Victims of sexual violence are often asked numerous questions about their assault and their attacker, the most notorious of those questions being “what were you wearing?” For too long this question, acting as a dangerous sustainer of rape culture, has given rise to the perception that sartorial choices, particularly those less modest, implies sexual consent.
Taking place at the United Nations headquarters in New York, What Were You Wearing is an art exhibition and collaboration between the Spotlight Initiative and RISE, aimed at holding space for sexual assault survivors and ending sexual violence committed against women and girls.
The original exhibition, which opened in December 2021, consisted of 5 outfits contributed by a survivor from each of the five United Nations (UN) Regional Groups. At present the exhibition features 103 outfits that collectively represent 1.3 billion survivors of sexual assault worldwide. By exhibiting the outfits worn by rape survivors at the time of their attack, the exhibition initiates conversations about victim-blaming that tends to propose that victims were “asking for it” in cases of sexual assualt.
The What Were You Wearing exhibition confronts and refutes a profound societal problem, which often assigns blame to victims, that in the process of doing so, carelessly justifies the vile actions of perpetrators, and thus reflects the United Nations Sustainable Development Goals of Gender Equality.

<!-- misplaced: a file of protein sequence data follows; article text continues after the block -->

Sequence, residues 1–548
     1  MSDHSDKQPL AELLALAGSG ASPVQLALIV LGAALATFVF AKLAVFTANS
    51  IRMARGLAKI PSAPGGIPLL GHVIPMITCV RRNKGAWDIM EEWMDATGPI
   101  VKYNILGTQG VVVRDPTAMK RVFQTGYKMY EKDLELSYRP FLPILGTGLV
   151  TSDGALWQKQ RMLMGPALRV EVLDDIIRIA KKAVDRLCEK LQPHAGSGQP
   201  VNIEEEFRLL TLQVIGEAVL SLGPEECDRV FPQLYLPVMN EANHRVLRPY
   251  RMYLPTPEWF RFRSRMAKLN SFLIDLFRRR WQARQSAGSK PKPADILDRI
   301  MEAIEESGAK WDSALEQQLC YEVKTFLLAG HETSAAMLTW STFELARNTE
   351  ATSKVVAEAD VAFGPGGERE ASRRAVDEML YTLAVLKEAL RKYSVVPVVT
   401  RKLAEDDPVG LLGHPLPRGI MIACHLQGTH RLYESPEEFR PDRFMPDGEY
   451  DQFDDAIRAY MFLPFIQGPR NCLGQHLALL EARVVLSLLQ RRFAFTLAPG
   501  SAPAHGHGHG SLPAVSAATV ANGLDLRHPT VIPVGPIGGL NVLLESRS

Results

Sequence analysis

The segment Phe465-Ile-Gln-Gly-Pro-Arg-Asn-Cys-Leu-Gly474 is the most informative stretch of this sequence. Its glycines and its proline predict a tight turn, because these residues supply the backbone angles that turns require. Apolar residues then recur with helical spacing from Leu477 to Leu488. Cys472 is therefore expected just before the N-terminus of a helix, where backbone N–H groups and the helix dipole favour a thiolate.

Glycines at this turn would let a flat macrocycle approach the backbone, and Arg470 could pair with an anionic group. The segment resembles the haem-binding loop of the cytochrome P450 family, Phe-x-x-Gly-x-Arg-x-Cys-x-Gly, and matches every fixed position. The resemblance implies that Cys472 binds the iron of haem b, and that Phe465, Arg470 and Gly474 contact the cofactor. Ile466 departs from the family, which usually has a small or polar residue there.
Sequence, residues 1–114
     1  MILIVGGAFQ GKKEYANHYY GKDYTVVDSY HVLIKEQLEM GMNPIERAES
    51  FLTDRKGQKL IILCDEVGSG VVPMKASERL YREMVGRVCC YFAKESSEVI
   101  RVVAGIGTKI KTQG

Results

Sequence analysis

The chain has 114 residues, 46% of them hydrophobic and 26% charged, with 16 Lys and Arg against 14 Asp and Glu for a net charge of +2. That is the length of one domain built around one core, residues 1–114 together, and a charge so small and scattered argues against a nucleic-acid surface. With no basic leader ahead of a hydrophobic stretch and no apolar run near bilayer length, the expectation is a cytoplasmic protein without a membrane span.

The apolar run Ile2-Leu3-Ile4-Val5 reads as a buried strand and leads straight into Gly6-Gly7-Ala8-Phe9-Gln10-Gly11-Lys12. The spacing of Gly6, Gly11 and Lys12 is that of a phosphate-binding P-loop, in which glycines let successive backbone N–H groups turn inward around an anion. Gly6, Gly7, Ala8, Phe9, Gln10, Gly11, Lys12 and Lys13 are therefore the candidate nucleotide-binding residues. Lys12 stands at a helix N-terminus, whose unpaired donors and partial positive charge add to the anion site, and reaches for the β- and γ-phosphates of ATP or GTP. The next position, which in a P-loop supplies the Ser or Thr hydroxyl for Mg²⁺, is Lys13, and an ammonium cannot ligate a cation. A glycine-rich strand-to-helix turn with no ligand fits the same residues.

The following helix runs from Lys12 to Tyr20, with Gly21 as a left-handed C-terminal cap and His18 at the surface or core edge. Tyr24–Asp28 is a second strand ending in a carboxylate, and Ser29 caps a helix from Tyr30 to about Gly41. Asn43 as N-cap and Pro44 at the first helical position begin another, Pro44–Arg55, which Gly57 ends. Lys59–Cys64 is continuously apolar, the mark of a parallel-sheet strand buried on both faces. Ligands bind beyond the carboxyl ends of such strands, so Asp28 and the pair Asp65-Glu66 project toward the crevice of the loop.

A resolution solely focused on providing protection for victims of sexual violence has never been passed by the United Nations General Assembly, despite having knowledge about the statistical estimation, according to the World Health Organization (WHO), that 35% of all women globally are survivors of sexual violence. Hence, I urge you to sign a petition that would pass the “United Nations Sexual Assault Survivors” Bill of Rights Resolution.
The exhibition aligns closely with the focus and mission of the #MeToo and #IStandWithHer movements that provide resources and services to support survivors on their paths toward healing. “We can hold light up to this darkest corner of human experience and allow survivors at last to be seen, to be heard, to be believed and to be empowered,” says RISE Founder and CEO Amanda Nguyen.
The core of the What Were You Wearing exhibition speaks about the vast reach and indiscriminate nature of sexual assualt in society, that such acts of violence can befall any person, irrespective of race, gender, sexual orientation, class and geographic location. The exhibit hopes to ease the sense of solitary suffering often experienced by victims of sexual assualt and serves to remind survivors that their emotional and physical trauma is neither unacknowledged, nor without meaning.
Find out more about the exhibition here. You can also follow the links to join international organizations fighting against injustice.